A long-overdue post to announce the return of one of my favorite houses – Tall Grass.
Tall Grass fell victim to inventory loss, and I had no backup copy. Lesson learned. Thankfully a friend had a copy of the house. I had to painstakingly copy each prim, texture it, then add scripts to operate the doors, privacy windows and security settings. I decided to upgrade a number of the textures while I was at it, and I’m very happy with the result.
This house was inspired by the tall grass prairies of south-western Minnesota, and the Native Americans who lived there. The weather on the prairie can change rapidly from baking sun to frigid temperature, from lashing rain to snow and back to sun again in the course of a day. I’ve experienced all of that plus hail, tornadoes and flash floods, all common in Minnesota and the Dakotas. If you’re living a nomadic life on the prairie, you need a sophisticated home to protect you from this constantly changing weather.
I recently had the opportunity to examine an authentic Lakota Sioux Tipi up close, and it’s a very intricate piece of engineering. It’s what architects call “switch-rich,” meaning the dwelling can be easily opened and closed to the environment depending on how much ventilation, heating, cooling, light or shade is needed. What especially struck me was how the skin of the dwelling served as a canvas on which to record the history of the family. When the family folded up the dwelling and moved it to a new place, they took their symbolic history with them – a deeply important act for a culture with no written language.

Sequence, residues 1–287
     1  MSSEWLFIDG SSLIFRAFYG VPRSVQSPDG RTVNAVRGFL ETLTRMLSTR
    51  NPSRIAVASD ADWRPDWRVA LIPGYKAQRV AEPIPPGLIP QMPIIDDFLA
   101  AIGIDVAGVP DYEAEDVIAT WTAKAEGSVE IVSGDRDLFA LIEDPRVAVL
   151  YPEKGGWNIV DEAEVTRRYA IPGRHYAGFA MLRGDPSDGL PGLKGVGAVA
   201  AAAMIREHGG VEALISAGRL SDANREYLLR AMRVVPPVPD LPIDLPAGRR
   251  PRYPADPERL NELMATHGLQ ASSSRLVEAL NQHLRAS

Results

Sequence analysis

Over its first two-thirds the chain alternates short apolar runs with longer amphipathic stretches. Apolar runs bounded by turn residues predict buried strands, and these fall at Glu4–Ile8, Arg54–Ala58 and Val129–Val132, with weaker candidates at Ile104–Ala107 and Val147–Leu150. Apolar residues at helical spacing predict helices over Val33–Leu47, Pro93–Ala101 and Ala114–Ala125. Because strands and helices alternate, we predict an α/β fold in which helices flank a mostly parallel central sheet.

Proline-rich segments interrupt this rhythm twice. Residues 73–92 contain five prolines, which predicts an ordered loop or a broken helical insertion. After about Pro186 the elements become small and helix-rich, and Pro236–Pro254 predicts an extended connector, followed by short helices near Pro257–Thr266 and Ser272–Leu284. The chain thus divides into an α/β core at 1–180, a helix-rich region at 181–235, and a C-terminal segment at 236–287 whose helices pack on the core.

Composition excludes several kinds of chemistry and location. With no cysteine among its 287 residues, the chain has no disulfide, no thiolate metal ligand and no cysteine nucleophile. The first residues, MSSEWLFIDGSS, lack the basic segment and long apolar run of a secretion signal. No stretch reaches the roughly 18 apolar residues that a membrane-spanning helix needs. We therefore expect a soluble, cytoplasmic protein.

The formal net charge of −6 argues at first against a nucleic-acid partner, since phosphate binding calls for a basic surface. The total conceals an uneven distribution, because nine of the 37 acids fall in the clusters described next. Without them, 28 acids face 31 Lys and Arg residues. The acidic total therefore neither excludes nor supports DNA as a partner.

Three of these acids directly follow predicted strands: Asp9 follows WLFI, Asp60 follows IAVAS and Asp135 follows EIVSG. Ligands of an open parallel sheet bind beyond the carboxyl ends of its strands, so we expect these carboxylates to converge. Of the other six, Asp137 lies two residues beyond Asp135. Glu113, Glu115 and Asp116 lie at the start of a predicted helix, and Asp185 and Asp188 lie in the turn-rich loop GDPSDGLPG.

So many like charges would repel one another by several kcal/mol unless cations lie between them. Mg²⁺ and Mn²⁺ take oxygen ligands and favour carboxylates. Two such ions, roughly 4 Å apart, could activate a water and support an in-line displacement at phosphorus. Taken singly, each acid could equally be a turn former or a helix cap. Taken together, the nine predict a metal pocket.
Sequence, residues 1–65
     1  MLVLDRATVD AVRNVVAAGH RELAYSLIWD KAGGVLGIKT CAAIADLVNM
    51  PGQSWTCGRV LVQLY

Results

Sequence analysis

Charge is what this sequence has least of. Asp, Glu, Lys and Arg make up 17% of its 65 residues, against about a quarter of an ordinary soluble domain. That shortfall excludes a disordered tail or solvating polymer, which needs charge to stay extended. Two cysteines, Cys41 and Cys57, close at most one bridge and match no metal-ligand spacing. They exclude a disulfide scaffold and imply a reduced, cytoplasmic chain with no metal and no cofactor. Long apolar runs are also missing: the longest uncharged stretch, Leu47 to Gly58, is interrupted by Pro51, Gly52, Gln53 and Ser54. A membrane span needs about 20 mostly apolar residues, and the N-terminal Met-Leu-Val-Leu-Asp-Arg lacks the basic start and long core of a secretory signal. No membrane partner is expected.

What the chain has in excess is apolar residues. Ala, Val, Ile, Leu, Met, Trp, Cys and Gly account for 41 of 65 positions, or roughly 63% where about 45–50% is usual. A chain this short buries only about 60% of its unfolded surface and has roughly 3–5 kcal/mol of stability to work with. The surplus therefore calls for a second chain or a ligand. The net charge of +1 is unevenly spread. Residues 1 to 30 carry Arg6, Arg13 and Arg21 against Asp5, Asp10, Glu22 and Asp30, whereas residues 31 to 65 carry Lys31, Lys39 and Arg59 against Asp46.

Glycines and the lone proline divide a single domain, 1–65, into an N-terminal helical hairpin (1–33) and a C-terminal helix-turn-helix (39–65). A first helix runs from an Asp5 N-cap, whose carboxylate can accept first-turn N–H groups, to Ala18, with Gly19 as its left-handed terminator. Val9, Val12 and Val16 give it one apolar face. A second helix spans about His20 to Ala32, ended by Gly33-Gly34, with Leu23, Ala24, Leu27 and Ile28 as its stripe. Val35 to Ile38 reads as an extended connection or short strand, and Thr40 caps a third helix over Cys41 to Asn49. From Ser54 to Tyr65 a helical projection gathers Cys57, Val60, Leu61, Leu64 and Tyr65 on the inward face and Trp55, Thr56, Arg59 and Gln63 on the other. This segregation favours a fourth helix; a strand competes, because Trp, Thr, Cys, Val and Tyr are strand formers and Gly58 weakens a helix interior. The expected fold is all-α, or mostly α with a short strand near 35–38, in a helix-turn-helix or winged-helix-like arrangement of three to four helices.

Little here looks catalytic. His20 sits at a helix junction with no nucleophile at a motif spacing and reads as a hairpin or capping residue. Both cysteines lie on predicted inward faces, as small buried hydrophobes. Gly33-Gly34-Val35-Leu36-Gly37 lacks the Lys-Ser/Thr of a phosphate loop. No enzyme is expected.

When I designed this home a few years ago, I was interested in capturing some of the aspects of a nomadic home on the prairie – both the structure and the cladding made of lightweight, easy to transport and assemble materials, seemingly assembled directly on the earth. While the reality of building a home like this would be somewhat complex, I wanted people to look at the materials and think “I could buy all of this at Home Depot, and screw it all together myself in a weekend.”
After I had designed and built Tall Grass, I realized it some things in common with one of my favorite houses, the iconic Magney House at Bingie Point by Australian architect Glenn Murcutt.
Murcutt also had in mind the idea of a nomadic home, built of the lightweight aircraft materials which were important in settling the Australian outback, plus the lessons about switch-rich dwellings he learned from designing for Aboriginal clients.
With a Land Impact of only 117, I really feel this house delivers a lot of interesting space and detail for very few prims. In fact, I like this house so much that I made it my own personal home, and I look forward to sharing that in my next post.
Tall Grass is on the Second Life Marketplace :